Add the butter, 1 tablespoon at a time, and whip until smooth. IT may look like a mess, but keep whipping until it comes together.

Add the vanilla, coffee and salt.

Pipe a border around the edge of the first cake layer. Fill with the jam. Add the other cake on top, then cover the layers with frosting. (I put on a crumb coat and refrigerated for 20 minutes, then frosted as usual.)

Wednesday, September 19, 2018

Muffins au maïs et aux framboises

J’ai pu feuilleter plusieurs numéros du magazine Ricardo cet été (ma mère a un abonnement, et il y en avait toute une pile au chalet). J’ai essayé certaines recettes qui sont tombées à plat (jus de melon d’eau puis sorbet express au melon d’eau, tiens), mais d’autres étaient vraiment réussies. C’est le cas de ces muffins au maïs et aux framboises, que j’ai faits sans les canneberges séchées de la recette d’origine. Bon, je suis la seule à les manger, parce que l’Ingénieur et le Renard détestent les framboises et que le Petit Prince a déclaré ne vouloir manger les muffins que s’ils contiennent du chocolat, apparemment. Mais moi, j’adore! La farine de maïs leur donne un goût délicieux, et le yogourt les garde moelleux. Ils se congèlent bien, en plus!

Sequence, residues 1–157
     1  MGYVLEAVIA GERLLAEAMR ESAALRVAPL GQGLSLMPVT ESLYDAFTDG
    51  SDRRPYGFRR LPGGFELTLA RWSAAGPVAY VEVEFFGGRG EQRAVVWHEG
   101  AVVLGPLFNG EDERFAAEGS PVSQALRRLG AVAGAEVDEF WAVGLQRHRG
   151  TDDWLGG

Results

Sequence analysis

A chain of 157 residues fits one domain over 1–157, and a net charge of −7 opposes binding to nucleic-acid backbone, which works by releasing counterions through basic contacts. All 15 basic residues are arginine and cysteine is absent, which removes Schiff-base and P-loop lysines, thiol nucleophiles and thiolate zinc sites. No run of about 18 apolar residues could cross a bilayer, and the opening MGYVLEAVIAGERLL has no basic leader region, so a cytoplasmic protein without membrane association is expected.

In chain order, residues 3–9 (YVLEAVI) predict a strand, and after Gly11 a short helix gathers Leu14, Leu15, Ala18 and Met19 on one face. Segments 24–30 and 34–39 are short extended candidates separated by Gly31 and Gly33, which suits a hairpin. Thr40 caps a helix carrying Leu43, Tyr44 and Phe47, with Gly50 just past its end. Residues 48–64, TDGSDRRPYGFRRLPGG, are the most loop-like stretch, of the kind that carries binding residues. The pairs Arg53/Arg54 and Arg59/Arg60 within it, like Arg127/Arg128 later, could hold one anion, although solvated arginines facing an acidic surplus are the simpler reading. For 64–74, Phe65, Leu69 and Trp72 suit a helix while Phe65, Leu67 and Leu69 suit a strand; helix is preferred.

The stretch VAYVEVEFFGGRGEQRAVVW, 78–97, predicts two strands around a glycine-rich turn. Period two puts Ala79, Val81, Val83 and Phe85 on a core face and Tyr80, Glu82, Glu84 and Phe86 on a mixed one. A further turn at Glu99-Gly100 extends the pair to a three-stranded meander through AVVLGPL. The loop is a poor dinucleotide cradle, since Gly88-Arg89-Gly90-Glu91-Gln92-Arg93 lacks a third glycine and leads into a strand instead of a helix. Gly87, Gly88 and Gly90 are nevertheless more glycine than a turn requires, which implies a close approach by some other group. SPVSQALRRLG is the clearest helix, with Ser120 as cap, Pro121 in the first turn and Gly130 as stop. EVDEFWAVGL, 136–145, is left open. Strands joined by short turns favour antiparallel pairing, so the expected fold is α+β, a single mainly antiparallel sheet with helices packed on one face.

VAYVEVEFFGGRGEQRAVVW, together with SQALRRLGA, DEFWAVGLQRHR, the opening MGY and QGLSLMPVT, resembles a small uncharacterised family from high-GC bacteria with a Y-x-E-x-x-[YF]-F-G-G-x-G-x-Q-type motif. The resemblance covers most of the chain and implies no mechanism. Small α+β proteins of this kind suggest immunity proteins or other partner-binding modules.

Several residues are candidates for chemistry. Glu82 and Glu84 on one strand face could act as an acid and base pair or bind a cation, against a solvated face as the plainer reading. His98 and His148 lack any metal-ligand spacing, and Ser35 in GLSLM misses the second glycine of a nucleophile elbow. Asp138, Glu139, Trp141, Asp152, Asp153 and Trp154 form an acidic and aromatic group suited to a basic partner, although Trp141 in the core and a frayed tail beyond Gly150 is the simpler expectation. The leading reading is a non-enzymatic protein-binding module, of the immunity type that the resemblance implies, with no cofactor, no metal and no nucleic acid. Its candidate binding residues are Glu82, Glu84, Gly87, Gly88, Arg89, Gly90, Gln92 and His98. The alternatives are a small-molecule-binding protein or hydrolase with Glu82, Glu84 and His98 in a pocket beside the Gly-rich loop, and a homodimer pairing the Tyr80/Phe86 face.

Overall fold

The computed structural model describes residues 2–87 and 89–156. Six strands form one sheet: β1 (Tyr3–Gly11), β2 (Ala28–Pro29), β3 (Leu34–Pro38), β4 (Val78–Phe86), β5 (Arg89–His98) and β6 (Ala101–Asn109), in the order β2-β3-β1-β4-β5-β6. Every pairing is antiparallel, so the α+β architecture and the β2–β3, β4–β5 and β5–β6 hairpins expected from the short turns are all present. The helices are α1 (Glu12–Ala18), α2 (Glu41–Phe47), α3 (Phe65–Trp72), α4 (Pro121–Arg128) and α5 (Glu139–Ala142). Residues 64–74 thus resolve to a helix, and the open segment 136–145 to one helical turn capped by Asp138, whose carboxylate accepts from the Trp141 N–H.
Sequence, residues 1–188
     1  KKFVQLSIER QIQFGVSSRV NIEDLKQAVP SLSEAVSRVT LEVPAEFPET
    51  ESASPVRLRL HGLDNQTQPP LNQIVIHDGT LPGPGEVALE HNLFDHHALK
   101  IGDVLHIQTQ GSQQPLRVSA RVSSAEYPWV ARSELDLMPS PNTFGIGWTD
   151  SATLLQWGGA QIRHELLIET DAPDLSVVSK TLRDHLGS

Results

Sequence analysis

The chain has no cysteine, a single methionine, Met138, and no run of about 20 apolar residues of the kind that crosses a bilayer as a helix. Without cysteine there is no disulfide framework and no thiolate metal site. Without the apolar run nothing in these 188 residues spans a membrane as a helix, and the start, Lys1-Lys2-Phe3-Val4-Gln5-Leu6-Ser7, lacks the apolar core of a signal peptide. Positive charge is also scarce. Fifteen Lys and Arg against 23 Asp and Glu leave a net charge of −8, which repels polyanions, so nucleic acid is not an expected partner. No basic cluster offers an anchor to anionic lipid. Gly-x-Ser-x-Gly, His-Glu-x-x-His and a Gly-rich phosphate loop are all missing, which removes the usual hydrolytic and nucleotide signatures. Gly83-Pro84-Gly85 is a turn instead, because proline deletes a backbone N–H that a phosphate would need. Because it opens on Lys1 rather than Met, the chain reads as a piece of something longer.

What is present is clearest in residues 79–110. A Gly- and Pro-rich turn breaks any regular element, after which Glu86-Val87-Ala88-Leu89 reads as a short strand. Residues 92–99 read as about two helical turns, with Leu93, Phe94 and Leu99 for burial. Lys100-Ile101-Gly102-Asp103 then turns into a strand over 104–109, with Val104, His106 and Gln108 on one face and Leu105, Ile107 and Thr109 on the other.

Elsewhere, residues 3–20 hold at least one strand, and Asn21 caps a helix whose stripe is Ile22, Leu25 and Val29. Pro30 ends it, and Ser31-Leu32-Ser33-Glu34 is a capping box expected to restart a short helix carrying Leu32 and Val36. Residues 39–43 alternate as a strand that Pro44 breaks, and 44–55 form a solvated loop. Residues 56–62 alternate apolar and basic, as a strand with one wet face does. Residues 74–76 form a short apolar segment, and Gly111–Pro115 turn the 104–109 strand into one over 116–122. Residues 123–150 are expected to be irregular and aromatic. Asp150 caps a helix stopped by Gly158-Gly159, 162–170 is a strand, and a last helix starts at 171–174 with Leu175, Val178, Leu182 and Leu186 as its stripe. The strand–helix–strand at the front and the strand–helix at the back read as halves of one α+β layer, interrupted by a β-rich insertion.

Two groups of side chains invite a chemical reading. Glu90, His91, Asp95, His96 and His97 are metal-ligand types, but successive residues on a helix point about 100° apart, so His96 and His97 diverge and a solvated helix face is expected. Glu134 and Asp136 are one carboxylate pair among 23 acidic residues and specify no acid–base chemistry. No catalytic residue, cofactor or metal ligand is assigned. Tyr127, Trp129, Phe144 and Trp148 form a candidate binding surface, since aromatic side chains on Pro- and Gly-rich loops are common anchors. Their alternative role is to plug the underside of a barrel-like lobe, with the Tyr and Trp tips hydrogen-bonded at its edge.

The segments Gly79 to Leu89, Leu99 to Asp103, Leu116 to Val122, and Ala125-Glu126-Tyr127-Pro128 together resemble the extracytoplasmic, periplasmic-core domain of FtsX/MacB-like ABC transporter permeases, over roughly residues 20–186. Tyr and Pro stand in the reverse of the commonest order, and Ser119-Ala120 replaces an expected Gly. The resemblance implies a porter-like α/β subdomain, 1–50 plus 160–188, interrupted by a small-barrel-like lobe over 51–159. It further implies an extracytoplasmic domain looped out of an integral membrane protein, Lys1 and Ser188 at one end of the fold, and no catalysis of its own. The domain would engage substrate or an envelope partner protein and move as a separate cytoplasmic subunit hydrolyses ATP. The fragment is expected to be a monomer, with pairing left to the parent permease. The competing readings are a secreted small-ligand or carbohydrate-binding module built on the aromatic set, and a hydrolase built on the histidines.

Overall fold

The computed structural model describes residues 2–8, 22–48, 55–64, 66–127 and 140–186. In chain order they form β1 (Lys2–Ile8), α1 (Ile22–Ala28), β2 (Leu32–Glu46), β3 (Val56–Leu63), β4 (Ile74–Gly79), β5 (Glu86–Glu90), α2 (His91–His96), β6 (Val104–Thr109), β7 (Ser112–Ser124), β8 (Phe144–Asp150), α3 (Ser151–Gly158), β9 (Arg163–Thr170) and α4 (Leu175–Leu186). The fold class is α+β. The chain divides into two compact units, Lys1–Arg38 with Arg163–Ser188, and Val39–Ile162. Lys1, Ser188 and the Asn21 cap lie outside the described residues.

À noter que pour la farine, j’ai pris de la farine de blé blond, comme d’habitude, et j’en ai utilisé 150 grammes, même si cela correspond plus à 1 ¼ tasse qu’à la simple tasse demandée. J’ai aussi ajouté une pincée de sel, quand même!

1 tasse (150 g.) de farine tout usage non blanchie (voir note plus haut)
½ tasse (60 g.) de semoule de maïs fine
2 c. à thé de poudre à pâte
1 pincée de sel cachère
2 œufs
½ tasse (100 g.) de sucre
½ tasse d’huile végétale
1 tasse de yogourt grec nature
1 ½ tasse de framboises surgelées

Placer la grille au centre du four. Préchauffer le four à 375 °F. Chemiser 12 moules à muffins de caissettes de papier ou de silicone.